I wish to publicly thank Gov. Sarah Palin for her accomplishments in undoing many of our previous governor's mistakes and for trying to restore integrity to our state government.
There is one more of Frank Murkowski's bad choices that needs to be undone: the so-called Juneau access road.
Lynn Canal is the most spectacular leg of the entire Inside Passage. The proposed road would diminish substantially the natural awe-inspiring unspoiled beauty of this jewel in our backyard.
Last evening, in Haines, I saw a presentation "Steep Not Cheap," by Mike Miller, of Juneau, and Will Wacker, of Haines, that included video and slides of their trek along much of the proposed route, including maps prepared by Golder Engineering (Anchorage). The terrain is truly formidable, and while I have no doubt that the transportation department, with its well-qualified engineers and other personnel, could design and build the road, we need to consider the costs.
Wildlife: The road likely would negatively impact the sea lion and mountain goat populations. Where would they go? The construction noise alone would be horrendous for years; and goats can't just go over to the east side of the mountains (it's all ice and rock over there). The sea lions prefer the east side of Lynn Canal and gather in abundance at haul-outs a few hundred yards from the proposed road. What's the plan for them?
Safety: If ferry service is discontinued, Haines and Skagway residents needing emergency medical care will be out of luck during extreme winter snows. The snow conditions in upper Lynn Canal are severe, sometimes for weeks at a time, and during those times, the roads to Whitehorse are not viable options. Persistent "white-outs" in the passes create extremely dangerous driving conditions. And, what's the plan for the unfortunate traveler caught between avalanches on his way to Juneau? Helicopter rescue is a nice concept, but not feasible much of the time. "Shooting" the avalanches (like on Thane road) is unrealistic. Too many avalanche paths, too unpredictable, too many explosions. Rock slides will be a constant danger. Meanwhile, the ferry system is extremely safe.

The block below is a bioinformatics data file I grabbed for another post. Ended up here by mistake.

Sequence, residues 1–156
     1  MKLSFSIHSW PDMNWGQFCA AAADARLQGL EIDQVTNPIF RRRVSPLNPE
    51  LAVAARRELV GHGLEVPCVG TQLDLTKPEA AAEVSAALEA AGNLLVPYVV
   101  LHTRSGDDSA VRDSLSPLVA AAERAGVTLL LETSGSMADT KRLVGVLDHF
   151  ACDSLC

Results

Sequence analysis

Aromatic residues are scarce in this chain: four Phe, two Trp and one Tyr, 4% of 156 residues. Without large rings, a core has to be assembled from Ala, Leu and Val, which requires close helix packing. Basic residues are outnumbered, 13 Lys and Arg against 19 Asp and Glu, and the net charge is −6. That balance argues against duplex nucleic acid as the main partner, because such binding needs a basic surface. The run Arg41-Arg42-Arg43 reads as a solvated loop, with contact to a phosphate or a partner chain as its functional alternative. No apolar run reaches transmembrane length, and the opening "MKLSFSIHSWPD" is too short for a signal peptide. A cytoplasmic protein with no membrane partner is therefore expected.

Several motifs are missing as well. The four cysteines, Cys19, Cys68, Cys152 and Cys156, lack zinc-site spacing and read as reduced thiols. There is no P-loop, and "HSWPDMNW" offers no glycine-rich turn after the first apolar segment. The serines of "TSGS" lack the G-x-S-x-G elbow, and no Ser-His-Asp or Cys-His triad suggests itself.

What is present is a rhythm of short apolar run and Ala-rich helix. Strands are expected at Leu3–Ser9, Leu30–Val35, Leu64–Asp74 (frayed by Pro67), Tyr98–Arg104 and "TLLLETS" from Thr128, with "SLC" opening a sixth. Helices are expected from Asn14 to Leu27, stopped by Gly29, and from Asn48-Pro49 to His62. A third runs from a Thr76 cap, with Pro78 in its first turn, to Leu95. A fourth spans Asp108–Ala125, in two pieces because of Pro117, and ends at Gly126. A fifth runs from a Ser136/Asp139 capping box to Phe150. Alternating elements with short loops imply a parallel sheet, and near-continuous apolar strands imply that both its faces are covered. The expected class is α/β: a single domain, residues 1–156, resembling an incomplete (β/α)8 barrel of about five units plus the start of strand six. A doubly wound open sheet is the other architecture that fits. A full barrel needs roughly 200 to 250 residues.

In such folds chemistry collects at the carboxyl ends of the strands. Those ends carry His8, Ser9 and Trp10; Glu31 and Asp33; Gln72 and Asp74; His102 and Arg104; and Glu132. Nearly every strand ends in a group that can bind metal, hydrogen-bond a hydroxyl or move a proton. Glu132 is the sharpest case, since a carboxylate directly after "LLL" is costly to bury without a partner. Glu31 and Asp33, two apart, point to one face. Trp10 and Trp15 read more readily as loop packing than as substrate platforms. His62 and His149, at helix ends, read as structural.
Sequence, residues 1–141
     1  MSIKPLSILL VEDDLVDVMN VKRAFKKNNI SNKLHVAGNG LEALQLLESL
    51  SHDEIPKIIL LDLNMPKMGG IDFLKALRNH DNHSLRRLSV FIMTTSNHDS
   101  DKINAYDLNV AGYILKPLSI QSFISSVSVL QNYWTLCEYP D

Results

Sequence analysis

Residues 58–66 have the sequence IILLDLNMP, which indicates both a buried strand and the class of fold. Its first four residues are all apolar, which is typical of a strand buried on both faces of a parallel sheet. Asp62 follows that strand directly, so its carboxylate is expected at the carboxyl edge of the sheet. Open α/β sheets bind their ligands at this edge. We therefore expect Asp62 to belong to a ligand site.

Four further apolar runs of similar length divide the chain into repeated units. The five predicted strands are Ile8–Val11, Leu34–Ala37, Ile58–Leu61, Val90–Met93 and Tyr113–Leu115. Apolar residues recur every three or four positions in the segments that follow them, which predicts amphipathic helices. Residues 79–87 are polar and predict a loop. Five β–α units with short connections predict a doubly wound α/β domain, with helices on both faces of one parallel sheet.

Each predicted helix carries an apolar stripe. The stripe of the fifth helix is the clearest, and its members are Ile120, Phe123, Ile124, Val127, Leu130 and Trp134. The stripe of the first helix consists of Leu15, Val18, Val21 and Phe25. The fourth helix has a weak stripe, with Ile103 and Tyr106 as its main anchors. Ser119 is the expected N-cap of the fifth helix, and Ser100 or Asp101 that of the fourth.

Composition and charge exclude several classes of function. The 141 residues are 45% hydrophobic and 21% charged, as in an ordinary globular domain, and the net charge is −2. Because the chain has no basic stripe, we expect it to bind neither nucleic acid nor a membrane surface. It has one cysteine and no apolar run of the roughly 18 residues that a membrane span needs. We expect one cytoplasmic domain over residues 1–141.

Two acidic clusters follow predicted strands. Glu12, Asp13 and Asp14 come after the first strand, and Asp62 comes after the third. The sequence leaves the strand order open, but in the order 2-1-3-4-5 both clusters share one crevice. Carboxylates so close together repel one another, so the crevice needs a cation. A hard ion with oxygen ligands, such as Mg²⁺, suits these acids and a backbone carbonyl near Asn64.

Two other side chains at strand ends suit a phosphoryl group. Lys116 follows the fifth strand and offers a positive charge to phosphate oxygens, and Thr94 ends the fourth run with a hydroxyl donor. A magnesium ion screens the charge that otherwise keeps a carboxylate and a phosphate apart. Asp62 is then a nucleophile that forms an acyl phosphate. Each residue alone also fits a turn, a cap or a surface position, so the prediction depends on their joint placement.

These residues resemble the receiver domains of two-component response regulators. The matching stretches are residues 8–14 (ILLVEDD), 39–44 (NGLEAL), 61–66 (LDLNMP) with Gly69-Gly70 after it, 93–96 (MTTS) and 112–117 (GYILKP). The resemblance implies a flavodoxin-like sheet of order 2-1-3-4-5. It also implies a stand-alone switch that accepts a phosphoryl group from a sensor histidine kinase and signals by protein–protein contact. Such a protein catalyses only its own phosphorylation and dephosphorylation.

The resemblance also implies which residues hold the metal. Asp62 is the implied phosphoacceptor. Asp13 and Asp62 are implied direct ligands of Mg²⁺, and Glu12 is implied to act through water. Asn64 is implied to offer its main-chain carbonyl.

Money: If we take the transportation department's cost estimate and just double it we might arrive at a more realistic number, but even then I suspect it will be a couple hundred million short. How, exactly, can we justify expense like that when our roads statewide are in such poor condition? Haines roads, for example, need considerable repair; and have you driven the Steese Highway north from Fairbanks lately? Sure needs work. As time goes on, and permafrost melts as global warming continues, many roads in the Interior will need repair and rebuilding. Let's maintain the roads we've got before building more. May we see realistic cost estimates for maintaining the Juneau access road?
Capital move: It is delusional to believe that building the road will keep the capital in Juneau. It might even have the opposite effect. When the folks in Anchorage, Fairbanks, and other communities needing road work consider the money spent on the Juneau road they might decide Juneau doesn't need the Capitol.
Tourism: The tour ships will continue coming to Skagway and Haines, but the beauty of Lynn Canal will have been diminished. Some of the cut-banks will be close to 200 feet high; one huge rock quarry after another. "You should have seen it before."
Well, thanks for reading this. If you get the opportunity, see the presentation "Steep Not Cheap." It's quite impressive.
Gerard Garland is a retired mathematics professor and architectural designer and builder living in Haines. He is self-employed.
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